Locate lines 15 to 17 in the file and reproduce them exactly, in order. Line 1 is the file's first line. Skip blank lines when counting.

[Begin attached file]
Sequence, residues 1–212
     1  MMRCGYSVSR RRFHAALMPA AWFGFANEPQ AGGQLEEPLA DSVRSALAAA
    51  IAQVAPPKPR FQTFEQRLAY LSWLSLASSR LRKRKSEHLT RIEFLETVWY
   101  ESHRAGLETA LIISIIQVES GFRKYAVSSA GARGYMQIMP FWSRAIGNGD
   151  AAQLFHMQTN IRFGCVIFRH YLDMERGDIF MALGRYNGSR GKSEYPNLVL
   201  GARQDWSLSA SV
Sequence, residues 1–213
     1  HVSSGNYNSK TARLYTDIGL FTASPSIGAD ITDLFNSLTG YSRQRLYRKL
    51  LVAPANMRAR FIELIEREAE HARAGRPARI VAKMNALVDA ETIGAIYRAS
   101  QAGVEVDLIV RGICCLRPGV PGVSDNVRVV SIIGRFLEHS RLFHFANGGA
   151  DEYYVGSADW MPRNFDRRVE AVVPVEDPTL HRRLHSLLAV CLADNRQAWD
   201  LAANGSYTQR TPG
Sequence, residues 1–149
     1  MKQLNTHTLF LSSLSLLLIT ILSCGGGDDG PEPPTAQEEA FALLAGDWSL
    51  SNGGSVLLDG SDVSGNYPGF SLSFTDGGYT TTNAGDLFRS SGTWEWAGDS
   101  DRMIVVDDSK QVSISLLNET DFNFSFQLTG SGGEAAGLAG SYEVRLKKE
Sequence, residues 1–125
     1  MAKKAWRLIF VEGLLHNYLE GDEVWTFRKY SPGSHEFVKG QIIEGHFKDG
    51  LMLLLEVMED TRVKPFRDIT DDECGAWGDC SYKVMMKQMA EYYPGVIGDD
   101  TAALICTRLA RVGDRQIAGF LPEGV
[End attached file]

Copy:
    51  SNGGSVLLDG SDVSGNYPGF SLSFTDGGYT TTNAGDLFRS SGTWEWAGDS
   101  DRMIVVDDSK QVSISLLNET DFNFSFQLTG SGGEAAGLAG SYEVRLKKE
Sequence, residues 1–125